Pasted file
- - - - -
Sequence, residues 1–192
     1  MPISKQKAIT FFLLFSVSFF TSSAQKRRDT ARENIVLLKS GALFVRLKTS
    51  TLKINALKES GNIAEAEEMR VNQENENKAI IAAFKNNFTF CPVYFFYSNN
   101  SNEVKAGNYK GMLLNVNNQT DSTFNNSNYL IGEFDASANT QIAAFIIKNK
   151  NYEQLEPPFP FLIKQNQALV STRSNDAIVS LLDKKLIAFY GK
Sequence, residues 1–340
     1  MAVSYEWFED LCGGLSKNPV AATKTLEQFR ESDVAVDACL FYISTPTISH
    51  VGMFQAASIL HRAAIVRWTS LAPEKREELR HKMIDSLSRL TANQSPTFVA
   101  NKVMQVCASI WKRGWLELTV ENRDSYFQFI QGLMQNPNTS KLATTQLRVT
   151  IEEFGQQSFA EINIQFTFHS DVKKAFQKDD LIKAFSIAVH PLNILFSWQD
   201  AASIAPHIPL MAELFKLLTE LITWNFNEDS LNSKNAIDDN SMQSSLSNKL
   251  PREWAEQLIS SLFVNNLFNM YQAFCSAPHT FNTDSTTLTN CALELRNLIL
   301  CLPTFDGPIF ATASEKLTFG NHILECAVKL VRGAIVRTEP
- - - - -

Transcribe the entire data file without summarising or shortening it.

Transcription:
Sequence, residues 1–192
     1  MPISKQKAIT FFLLFSVSFF TSSAQKRRDT ARENIVLLKS GALFVRLKTS
    51  TLKINALKES GNIAEAEEMR VNQENENKAI IAAFKNNFTF CPVYFFYSNN
   101  SNEVKAGNYK GMLLNVNNQT DSTFNNSNYL IGEFDASANT QIAAFIIKNK
   151  NYEQLEPPFP FLIKQNQALV STRSNDAIVS LLDKKLIAFY GK
Sequence, residues 1–340
     1  MAVSYEWFED LCGGLSKNPV AATKTLEQFR ESDVAVDACL FYISTPTISH
    51  VGMFQAASIL HRAAIVRWTS LAPEKREELR HKMIDSLSRL TANQSPTFVA
   101  NKVMQVCASI WKRGWLELTV ENRDSYFQFI QGLMQNPNTS KLATTQLRVT
   151  IEEFGQQSFA EINIQFTFHS DVKKAFQKDD LIKAFSIAVH PLNILFSWQD
   201  AASIAPHIPL MAELFKLLTE LITWNFNEDS LNSKNAIDDN SMQSSLSNKL
   251  PREWAEQLIS SLFVNNLFNM YQAFCSAPHT FNTDSTTLTN CALELRNLIL
   301  CLPTFDGPIF ATASEKLTFG NHILECAVKL VRGAIVRTEP